27 Aug USCIS cancelled furlough of 13,000 employees
By Atty. Chris Caday Lozano
Good news for immigrant community! U.S. Citizenship and Immigration Services (USCIS) on August 25, 2020, Tuesday announced it would abandon plans to furlough more than 13,000 employees next week, temporarily averting a scenario that would have crippled the processing of applications for green cards, work permits, U.S. citizenship and other immigration benefits.
In a message to employees obtained by CBS News, Deputy USCIS Director for Policy Joseph Edlow said the agency was able to avoid furloughing nearly 70% of its workforce because its financial situation has “improved somewhat” since the spring, when the coronavirus pandemic fueled an unprecedented drop in petitions. Unlike most other federal agencies, USCIS is largely funded through the application fees it charges.
Though applications have increased in recent weeks, Edlow said the agency is still projecting a budget shortfall heading into fiscal year 2021, which starts in October, and continues to require financial assistance from Congress.
“Although our situation has temporarily improved due to a modest increase in revenues, Congress must act on a long-term fix that will provide the necessary financial assistance to sustain the agency,” he told employees in an email.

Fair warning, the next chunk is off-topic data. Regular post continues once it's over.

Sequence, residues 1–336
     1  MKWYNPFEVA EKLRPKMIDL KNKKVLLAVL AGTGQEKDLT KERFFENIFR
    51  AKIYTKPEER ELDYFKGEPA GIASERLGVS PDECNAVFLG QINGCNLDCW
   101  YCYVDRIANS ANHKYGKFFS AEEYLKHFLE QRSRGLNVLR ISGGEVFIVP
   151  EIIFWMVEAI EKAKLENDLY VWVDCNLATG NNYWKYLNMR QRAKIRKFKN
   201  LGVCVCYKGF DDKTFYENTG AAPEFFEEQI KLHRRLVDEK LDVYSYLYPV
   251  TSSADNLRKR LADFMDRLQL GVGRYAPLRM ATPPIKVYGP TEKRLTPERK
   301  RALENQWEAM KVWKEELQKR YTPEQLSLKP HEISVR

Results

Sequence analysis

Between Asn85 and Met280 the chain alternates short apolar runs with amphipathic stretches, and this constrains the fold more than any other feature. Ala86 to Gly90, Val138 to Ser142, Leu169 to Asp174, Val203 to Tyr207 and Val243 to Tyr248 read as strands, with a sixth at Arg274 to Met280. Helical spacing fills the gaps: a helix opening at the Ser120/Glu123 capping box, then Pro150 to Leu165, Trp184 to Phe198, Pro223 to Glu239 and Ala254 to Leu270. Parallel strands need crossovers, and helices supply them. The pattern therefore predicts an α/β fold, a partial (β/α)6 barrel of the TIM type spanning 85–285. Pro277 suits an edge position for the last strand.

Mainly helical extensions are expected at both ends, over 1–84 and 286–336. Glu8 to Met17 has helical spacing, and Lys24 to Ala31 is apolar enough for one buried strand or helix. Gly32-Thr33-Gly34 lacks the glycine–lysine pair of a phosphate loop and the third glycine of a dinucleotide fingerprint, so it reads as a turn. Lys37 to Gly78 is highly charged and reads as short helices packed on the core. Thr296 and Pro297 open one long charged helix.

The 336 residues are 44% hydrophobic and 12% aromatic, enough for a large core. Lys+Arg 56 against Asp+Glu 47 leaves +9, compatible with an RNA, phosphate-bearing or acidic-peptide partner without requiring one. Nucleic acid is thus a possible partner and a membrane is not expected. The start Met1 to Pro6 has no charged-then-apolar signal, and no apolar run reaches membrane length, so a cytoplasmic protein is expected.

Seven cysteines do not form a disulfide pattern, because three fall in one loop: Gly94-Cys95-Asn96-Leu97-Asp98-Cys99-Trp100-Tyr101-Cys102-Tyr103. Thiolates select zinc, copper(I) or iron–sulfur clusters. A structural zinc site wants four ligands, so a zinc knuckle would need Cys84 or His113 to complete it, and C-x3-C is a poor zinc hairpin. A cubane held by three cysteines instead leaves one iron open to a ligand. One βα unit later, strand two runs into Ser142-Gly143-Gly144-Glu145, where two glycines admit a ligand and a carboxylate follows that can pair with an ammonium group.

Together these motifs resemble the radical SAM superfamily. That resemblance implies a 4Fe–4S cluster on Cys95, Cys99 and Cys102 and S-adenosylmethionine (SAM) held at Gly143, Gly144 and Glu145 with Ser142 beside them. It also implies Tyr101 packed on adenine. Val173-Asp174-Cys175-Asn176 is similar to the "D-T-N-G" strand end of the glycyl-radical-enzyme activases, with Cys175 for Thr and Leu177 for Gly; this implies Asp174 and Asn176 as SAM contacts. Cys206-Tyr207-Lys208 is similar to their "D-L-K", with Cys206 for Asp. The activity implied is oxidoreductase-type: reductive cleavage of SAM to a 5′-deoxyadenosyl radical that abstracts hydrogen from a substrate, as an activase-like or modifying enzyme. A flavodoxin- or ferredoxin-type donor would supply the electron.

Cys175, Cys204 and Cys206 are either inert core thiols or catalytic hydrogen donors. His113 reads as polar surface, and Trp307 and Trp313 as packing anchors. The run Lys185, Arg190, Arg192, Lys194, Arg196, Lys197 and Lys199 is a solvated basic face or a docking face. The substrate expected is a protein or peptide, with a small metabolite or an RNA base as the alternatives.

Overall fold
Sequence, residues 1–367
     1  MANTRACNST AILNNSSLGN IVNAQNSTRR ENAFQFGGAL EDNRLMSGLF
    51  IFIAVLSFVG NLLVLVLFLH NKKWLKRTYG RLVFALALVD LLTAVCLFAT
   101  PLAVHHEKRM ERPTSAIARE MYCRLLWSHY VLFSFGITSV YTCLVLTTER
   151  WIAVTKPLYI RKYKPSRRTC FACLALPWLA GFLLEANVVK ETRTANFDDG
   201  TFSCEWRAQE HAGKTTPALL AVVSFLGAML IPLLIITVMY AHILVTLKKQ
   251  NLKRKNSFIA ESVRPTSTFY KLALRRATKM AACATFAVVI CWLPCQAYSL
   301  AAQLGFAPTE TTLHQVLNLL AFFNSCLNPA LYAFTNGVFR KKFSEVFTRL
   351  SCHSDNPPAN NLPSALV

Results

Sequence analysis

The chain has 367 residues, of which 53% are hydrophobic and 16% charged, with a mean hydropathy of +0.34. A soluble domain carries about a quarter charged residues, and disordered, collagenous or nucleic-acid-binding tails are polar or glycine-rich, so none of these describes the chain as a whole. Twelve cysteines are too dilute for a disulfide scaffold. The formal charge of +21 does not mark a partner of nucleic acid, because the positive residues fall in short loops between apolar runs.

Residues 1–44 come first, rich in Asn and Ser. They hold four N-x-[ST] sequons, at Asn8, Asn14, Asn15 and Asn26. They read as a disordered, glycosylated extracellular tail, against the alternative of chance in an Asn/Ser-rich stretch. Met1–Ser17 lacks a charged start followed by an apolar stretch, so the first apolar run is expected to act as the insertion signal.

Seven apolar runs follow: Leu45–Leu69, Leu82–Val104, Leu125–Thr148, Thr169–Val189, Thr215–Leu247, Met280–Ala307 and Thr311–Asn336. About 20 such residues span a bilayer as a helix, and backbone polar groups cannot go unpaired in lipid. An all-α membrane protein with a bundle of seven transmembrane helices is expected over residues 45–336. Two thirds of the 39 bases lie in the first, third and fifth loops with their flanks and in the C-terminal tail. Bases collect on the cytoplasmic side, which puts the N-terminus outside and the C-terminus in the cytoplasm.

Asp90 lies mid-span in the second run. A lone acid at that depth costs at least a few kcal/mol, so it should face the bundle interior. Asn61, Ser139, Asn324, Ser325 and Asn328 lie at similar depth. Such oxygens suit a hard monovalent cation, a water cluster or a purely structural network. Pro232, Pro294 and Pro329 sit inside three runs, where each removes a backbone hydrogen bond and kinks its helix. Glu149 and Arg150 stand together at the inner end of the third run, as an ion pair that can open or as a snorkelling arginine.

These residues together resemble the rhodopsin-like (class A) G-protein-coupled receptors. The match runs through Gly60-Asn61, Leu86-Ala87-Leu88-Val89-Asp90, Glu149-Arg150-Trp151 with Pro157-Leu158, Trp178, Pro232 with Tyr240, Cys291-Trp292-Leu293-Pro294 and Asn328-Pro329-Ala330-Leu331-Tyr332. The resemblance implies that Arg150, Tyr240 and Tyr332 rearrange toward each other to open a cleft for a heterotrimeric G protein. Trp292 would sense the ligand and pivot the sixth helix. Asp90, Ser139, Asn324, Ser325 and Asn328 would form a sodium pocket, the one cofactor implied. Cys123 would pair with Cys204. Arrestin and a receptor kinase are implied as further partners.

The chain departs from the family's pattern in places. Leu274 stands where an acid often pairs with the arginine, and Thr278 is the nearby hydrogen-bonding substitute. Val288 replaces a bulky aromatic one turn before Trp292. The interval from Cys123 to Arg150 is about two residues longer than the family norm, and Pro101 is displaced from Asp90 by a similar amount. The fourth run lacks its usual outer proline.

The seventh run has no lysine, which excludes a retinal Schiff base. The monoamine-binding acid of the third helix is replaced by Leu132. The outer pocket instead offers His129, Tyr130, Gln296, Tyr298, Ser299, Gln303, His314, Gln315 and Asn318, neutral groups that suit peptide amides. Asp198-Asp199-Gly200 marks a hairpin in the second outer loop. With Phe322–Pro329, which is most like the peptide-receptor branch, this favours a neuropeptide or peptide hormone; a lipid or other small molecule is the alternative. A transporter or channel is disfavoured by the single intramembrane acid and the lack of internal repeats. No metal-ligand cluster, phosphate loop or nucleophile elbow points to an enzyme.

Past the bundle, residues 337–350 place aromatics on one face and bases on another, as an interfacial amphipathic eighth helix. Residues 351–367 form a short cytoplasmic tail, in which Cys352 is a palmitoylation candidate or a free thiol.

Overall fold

Edlow warned of “cost-reducing” actions that could result in increased wait times and prolong the processing of certain cases, like citizenship applications, in the absence of congressional action. USCIS declined to make Edlow available for an interview, but in a statement sent to reporters, he said a future furlough remains a possibility.
“Our workforce is the backbone of every USCIS accomplishment. Their resilience and strength of character always serves the nation well, but in this year of uncertainty, they remain steadfast in their mission administering our nation’s lawful immigration system, safeguarding its integrity and protecting the American people, even as a furlough loomed before them,” Edlow said. “However, averting this furlough comes at a severe operational cost that will increase backlogs and wait times across the board, with no guarantee we can avoid future furloughs.”